My second initiation into Joe's packing eccentricities occurred when we went on a cruise together. It was a mini-cruise, really, just five days and four nights going up and down the California coast. We definitely had to bring more clothes this time, not only for varying weather and temperatures, but to fulfill the requirement that passengers "dress" for dinner. I admit to filling a suitcase with dresses, shorts, tops, sleepwear, swimwear, shoes and a sweater or two. It was April, after all, and it could get cold. Or, it could be warm, you never know. Even with all my stuff, it didn't compare to my husband's pile of stuff for sheer quantity. When I stood in the bedroom doorway with my mouth open, he looked at me and smiled. "I pack like a woman, don't I?" he asked.

"Do you really need all that stuff?" I asked.

"I don't want to forget something I might need," he answered. "Do you really need all those books?"

Uh-oh, the dreaded books question. I wondered when that issue would surface. I actually do need a lot of books when I'm traveling. Not only am I a fast reader, I panic if I happen to find myself out of reading material. This has happened to me before and it is not a pretty sight. If I'm out of reading material I am forced to buy Danielle Steel novels at the airport bookstore because that's the only book on the shelf I have not read yet. Then I have to actually read this horrible stuff and am further compelled to groan loudly every ten pages or so and loudly complain that this is the most horrible book I have ever read. Or, I am reduced to reading books over people's shoulders and asking them to hurry up and finish so I can have it next. In other words, I become a most annoying person to travel with if I am out of reading material, so it behooves my traveling partners to accommodate my need to bring bunches of books on any trip. Even if that means an extra suitcase that's a little heavier than the rest.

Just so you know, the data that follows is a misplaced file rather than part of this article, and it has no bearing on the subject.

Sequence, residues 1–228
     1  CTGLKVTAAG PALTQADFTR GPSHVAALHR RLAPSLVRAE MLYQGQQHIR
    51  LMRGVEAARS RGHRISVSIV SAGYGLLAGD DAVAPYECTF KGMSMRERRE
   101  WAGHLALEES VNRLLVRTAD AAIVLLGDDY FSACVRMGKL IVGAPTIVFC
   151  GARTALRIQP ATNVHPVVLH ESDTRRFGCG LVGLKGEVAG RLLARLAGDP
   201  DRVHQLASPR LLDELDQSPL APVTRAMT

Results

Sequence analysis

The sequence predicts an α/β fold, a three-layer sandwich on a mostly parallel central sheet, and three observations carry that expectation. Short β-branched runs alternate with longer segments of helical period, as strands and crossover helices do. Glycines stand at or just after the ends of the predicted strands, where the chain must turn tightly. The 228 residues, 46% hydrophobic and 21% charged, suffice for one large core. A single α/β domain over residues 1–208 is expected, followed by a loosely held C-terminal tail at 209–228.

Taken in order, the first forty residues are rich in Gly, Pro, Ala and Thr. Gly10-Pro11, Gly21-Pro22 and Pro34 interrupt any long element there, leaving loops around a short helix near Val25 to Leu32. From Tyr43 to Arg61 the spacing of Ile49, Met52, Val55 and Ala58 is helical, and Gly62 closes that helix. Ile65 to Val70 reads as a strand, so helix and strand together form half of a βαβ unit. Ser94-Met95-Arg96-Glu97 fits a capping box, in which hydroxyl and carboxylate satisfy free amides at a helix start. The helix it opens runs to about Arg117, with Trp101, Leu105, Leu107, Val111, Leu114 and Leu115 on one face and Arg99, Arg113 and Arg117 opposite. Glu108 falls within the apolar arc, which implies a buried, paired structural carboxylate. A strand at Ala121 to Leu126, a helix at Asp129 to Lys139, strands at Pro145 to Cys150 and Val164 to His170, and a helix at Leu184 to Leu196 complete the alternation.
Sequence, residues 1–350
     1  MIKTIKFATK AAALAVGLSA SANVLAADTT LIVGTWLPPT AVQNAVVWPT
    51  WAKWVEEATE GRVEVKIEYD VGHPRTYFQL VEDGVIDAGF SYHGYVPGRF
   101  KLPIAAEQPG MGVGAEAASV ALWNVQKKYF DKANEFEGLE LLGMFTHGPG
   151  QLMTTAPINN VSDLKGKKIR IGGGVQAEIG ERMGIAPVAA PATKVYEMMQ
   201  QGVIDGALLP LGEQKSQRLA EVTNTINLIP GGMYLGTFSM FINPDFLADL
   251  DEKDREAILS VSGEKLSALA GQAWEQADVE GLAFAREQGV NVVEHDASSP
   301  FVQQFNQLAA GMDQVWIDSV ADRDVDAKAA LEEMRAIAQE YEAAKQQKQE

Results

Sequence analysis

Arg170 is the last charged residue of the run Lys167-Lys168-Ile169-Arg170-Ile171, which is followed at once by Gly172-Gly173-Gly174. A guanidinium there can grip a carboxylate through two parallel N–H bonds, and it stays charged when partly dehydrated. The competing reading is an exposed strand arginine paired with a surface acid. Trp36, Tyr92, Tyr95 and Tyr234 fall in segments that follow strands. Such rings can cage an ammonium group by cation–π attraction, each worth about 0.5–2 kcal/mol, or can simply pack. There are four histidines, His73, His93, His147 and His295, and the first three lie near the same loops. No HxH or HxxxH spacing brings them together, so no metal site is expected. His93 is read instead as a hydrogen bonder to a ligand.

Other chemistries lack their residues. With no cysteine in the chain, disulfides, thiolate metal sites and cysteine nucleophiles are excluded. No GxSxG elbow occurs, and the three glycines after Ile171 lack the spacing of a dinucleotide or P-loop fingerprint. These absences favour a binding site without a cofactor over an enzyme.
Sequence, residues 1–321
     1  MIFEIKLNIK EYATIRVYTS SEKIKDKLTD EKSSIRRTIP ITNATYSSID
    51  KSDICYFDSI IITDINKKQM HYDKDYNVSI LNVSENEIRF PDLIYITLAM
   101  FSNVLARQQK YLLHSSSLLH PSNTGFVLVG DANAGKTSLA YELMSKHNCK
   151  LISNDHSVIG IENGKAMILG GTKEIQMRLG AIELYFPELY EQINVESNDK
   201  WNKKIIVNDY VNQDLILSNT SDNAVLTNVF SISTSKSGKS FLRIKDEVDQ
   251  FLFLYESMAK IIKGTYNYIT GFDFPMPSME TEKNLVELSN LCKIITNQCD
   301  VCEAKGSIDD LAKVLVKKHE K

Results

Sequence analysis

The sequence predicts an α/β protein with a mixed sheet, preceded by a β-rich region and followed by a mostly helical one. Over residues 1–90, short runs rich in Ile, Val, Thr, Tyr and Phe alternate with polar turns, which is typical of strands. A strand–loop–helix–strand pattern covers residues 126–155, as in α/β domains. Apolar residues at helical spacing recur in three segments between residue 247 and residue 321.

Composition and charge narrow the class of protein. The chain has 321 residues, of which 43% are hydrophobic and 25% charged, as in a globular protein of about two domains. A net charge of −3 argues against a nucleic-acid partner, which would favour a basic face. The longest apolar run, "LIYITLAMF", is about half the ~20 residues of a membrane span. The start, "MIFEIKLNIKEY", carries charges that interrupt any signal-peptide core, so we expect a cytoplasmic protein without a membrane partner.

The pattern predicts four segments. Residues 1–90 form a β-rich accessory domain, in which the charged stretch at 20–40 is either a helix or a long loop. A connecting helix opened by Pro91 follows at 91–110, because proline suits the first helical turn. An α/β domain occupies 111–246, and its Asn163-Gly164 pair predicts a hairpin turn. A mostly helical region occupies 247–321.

"You know I need all those books, honey. You are avoiding the issue. Look at this: you have eight shirts. We're only gone five days, including the clothes we'll be wearing the day we board the boat. Do you really need EIGHT shirts?"

"Yes, I do. Do you really need four pairs of shoes?"

"Well, those sandals are for the day trips. The athletic shoes are for exercising. The dress shoes are for dinner, and the beach shoes are for the pool."

"Okay, and I need all these shirts. You get your shoes, and your giant bag of make-up, and your 24 books, and I get eight shirts."

"It's not 24 books."

"How many is it?"

"It's only 10. Nowhere near 24."

"Ten books? I'm bringing two. And who's carrying your suitcase with all those books?"

I decided to quit talking about the eight shirts.

Now we're going on a long trip: 11 days and 10 nights in the Cayman Islands. We're renting a house that's right on the beach and we have nothing planned except for swimming, eating, snorkeling, boating, walking and spending time together. In other words, nothing planned except for doing whatever we feel like whenever we feel like doing it. If we go out to dinner, it will be one of the little cafes on the island. I'm bringing shorts, t-shirts, underwear, one sundress, three swimsuits and a hat. No make-up but lots of sunscreen. A journal to write down our adventures. Two extra pairs of shoes and a toothbrush. Oh, and some books. I haven't counted them but there are quite a few. Good thing we're checking our luggage.

Article © Kellie Gillespie. All rights reserved.
Published on 2004-06-19
0 Reader Comments
Your Comments






The Piker Press moderates all comments.
Click here for the commenting policy.